7) How do you plan to implement mapping - especially between something like a web service and a relational database (where one can be hierarchical in nature and the other a collection of tables). What happens when one of those things changes? Have you thought about transactionality and serializability? Do you need to support that? How will you do it?

8) Many applications require the use of proprietary SDKs for integration. Are you trained in those? Are you prepared to support changes in the SDKs?

9) What levels of performance are required? How do you plan to meet those? What happens if that changes? Is scalability built into your solution?

10) If more sources or targets for integration are added, will your system support that, or did you build something that is a throwaway?

11) Does your home-built system support concurrent development?

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It's unclear what you mean when you say buy-vs-build here. For example, the first step in the ION Documentation is "Build" and advertises "Be a developer".

Perhaps you are talking about the integration platform. But if so, I think you need to be careful about how you frame this. A lot of management doesn't understand that once they buy these packages, they still need to pay for many tens-of-thousands of hours of development.

Effectively, these are development platforms. The biggest problem with what I've seen with many of them is they start by trying to simplify things down to a level that can't be used to do anything useful.

Any clarification you can provide would be useful.




I have to agree with James here. Although you present a reasonable case that "integration is more difficult than it seems", I don't see any really compelling case for buying rather than building - of the 11 issues you list at the end, 1, 3, 5, 8, 9, 10 & 11 all exist with integration platforms like webmethods. And it's not as if you don't have to do business analysis, technical analysis and design, construction and coding, QA and deployment of the purchased solution. As somebody with quite a bit of experience wading through these integration platforms, I think the biggest issue they face is that they oversell themselves rather than being honest and upfront about what they're really for.


Good piece. The other comment I would make is that more and more application integration is being driven by the business side, and the needs for being agile, and rapid time to value do not match the old enterprise class tools.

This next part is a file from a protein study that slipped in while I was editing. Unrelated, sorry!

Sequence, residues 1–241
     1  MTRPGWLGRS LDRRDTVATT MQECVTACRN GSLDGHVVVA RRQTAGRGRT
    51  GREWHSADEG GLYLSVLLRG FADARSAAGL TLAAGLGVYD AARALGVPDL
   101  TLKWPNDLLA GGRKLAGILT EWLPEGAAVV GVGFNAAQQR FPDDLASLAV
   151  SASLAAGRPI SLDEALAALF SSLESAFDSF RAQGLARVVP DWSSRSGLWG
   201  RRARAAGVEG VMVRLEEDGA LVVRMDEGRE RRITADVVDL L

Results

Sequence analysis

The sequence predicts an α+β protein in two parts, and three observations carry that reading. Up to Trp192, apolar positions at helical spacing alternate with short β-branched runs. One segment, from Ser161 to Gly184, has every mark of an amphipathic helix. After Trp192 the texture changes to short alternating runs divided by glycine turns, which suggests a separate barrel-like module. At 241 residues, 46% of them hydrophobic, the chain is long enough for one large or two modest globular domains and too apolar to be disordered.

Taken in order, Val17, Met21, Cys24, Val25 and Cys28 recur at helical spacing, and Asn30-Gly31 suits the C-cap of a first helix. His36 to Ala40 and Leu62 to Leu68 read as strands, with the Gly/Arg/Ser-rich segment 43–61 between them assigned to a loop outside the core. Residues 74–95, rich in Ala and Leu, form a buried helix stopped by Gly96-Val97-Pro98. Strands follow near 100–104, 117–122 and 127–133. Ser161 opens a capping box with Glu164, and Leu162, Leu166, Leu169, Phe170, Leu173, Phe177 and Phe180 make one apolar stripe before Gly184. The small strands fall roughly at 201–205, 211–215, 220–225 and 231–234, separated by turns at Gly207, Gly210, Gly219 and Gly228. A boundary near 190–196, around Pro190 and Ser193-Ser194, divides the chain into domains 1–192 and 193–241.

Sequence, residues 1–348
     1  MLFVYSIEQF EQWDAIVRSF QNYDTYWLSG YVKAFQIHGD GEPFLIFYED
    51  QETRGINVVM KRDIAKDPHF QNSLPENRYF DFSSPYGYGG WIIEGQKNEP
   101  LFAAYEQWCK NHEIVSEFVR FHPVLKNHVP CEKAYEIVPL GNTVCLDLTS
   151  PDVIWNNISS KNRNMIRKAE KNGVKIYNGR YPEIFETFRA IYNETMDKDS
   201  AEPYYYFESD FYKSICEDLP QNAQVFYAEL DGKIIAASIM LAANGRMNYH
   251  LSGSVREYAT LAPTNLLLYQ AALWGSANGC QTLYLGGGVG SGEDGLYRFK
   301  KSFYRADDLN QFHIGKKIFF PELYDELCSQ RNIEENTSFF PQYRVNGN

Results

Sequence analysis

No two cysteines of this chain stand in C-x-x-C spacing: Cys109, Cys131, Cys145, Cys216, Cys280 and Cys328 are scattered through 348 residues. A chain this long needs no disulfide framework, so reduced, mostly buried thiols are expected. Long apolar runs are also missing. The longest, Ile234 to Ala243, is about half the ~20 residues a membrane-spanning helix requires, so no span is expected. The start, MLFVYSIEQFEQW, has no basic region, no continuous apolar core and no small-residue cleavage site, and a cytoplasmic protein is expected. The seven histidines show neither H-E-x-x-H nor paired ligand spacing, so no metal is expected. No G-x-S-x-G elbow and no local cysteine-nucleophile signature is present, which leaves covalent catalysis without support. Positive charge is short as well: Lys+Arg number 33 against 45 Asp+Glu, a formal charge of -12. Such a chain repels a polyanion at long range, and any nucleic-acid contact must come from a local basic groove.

I am also building a LinkedIn group to educate and promote "Application Integration"

This blog offers an informed and informative perspective on the ongoing explosion of data and the technologies used to turn this data explosion into assets and competitive advantages.

Hollis Tibbetts

Hollis has established himself as a successful software marketing and technology expert. His various strategy, marketing and technology articles are read nearly 50,000 times a month. He is currently Director for Global Marketing Operations for Dell Software Group. Hollis has developed substantial expertise in middleware, SaaS, Cloud, data management and distributed application technologies, with over 20 years experience in marketing, technical, product management, product marketing and business development roles at leading companies in such as Pervasive, Aruna (acquired by Progress Software), Sybase (now SAP), webMethods (now Software AG), M7 Corporation (acquired by BEA/Oracle), OnDisplay (acquired by Vignette) and KIVA Software (acquired by Netscape). He has established himself as an industry expert, having authored a large number of technology white papers, as well as published media articles and book contributions. Hollis is a top-ranked author on Sys-Con media, is also published on Social Media Today "The World's Best Thinkers on Social Media", and maintains a blog focused on creating great software: Software Marketing 2013. He tweets actively as @SoftwareHollis Additional information is available at HollisTibbetts.com All opinions expressed in the author's articles are his own personal opinions vs. those of his employer.